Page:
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October 15, 2013 / ultrafox1963

The night England’s dreams were shattered

 

Poland goalkeeper Jan Tomaszewski repels yet another England attack

Poland goalkeeper Jan Tomaszewski repels yet another England attack

When the schedules of qualifying matches for the 2014 World Cup were agreed, the shadows of previous clashes between England and Poland re-emerged.

The two countries meet again at Wembley tonight, forty years to the week since the venue hosted their most memorable encounter. Then, as now, England needed a win to ensure progress to the finals.

In 1973, Poland had already shown they could be a force to be reckoned with, beating England 2-0 on their own soil. But their record outside the Iron Curtain was rather less impressive.

Meanwhile England had demolished Austria 7-0 the previous month. Many of their players, featuring captain Martin Peters – the only survivor from the 1966 World-Cup winning side – and goalkeeper Peter Shilton, then of Leicester City, looked to be in peak form.

So a massive TV audience, including this correspondent (then aged 10) settled in front of their screens to watch the first live televised game of the season (the next one would be the FA Cup final, some seven months later) expecting a comfortable home win.

However, this Polish team were determined to rewrite the script that had been assigned for them, Though frequently forced on the back foot, they showed great determination to prevent the English strikers from breaching their defence.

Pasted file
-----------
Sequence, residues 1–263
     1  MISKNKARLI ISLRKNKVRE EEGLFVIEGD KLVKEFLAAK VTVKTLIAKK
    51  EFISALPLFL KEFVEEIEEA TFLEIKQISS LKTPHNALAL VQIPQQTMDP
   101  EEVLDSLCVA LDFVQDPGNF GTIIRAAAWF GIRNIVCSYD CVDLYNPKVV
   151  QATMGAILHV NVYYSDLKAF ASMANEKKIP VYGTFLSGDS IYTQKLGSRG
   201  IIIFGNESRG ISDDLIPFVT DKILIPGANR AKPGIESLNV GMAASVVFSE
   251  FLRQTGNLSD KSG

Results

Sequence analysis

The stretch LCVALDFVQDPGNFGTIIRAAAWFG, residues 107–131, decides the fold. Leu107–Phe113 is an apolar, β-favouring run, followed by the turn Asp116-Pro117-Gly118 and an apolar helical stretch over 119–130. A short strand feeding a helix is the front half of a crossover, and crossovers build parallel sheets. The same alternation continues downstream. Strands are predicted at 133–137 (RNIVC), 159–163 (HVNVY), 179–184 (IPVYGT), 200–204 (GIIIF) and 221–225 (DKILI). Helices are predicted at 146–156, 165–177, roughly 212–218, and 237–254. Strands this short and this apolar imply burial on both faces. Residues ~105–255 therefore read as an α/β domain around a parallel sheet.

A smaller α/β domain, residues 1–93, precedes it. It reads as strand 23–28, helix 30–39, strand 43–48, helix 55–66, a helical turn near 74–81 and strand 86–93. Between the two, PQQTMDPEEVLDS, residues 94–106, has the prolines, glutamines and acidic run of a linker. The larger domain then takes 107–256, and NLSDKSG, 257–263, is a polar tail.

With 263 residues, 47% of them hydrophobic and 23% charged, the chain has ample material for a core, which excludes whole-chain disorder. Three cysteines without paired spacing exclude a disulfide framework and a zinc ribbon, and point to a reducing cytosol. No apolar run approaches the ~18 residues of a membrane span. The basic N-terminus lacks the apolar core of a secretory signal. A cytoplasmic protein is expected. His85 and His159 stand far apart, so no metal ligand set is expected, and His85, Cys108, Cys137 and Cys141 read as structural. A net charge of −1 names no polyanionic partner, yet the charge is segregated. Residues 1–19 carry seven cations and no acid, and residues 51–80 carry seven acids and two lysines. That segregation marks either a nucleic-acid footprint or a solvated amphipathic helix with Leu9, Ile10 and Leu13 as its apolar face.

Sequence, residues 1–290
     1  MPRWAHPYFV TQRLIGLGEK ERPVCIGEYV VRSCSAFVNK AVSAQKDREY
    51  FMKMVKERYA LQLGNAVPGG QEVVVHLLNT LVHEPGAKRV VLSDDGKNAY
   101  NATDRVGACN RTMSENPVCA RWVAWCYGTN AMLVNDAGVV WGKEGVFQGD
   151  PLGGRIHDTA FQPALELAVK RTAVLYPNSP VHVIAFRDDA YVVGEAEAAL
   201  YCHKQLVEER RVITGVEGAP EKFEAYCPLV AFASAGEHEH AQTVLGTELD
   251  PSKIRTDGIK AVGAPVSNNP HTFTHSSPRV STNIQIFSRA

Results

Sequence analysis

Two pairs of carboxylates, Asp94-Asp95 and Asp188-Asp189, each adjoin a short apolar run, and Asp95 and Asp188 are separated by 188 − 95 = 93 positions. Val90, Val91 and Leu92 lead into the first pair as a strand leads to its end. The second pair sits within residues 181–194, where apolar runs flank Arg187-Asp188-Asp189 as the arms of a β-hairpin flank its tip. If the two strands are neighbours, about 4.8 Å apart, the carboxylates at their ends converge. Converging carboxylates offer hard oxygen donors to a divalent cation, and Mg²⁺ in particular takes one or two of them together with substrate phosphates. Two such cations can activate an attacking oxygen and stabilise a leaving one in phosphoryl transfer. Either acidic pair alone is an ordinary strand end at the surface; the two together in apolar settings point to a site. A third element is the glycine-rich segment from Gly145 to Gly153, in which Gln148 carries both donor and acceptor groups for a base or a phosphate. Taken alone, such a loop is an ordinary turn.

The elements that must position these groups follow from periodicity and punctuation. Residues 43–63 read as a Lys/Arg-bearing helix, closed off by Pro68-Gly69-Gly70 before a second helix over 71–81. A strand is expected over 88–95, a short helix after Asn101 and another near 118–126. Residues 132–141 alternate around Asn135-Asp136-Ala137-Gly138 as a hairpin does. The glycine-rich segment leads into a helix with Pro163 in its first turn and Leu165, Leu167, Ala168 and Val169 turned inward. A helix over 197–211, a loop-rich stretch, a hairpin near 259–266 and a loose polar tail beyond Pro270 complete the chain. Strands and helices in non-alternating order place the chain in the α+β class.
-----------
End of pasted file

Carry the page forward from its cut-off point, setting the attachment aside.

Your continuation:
In particular, Jan Tomaszewski, the visiting goalkeeper dismissed – foolishly – before the game as a “clown” by ITV pundit Brian Clough, rose to the occasion magnificently with a string of superb saves.

Half-time arrived with the score still goalless. Anxiety levels grew on the Wembley terraces as the possibility of failure dawned among home supporters.

The second half followed the pattern of the first. Further waves of England attacks were repelled by Tomaszewski and his heroic defence. Then, on a rare breakaway, the unthinkable happened. Shilton let a tame-looking shot slip under his body and into the net. England were behind!

Sir Alf Ramsey’s side remained undaunted, though, and forced an equaliser within 10 minutes as Tomaszewski was finally beaten by an Allan Clarke penalty. It seemed only a matter of time before the winner arrived. But the Poles defended as if their lives depended on the outcome.

In the dying minutes, Ramsey made his final throw of the dice, sending on striker Kevin Hector to add extra firepower. Within seconds, the substitute beat the Polish keeper with a header, only for a defender to scramble the ball off the line.

The final whistle saw the crowd and the nation engulfed in shock and despair. England were out of the World Cup. The Polish team and their small bands of supporters within the stadium celebrated wildly.

In West Germany the following summer, Poland proved to be a far stronger side than many gave them credit for, finishing in third place. Indeed, they were only denied a place in the final through defeat by the hosts (and subsequent winners) on a pitch rendered virtually unplayable by a pre-match thunderstorm.

However, for England, the consequences and traumas of failure lingered for many years afterwards. Ramsey was sacked and a series of successors all failed to deliver the success the fans craved.

Could Artur Boruc, the present Poland goalkeeper, become a modern-day Tomaszewski? His form for Southampton in the Premier League, where he has conceded just two goals in seven games so far this season, suggests as much.

However, modern technology means that England are far more aware of their opponents than their predecessors were. In addition, Poland are already eliminated from next year’s competition, and therefore have only prestige to play for.

England have the chance to banish the ghosts of 1973 once and for all. Many will hope that they take it. 

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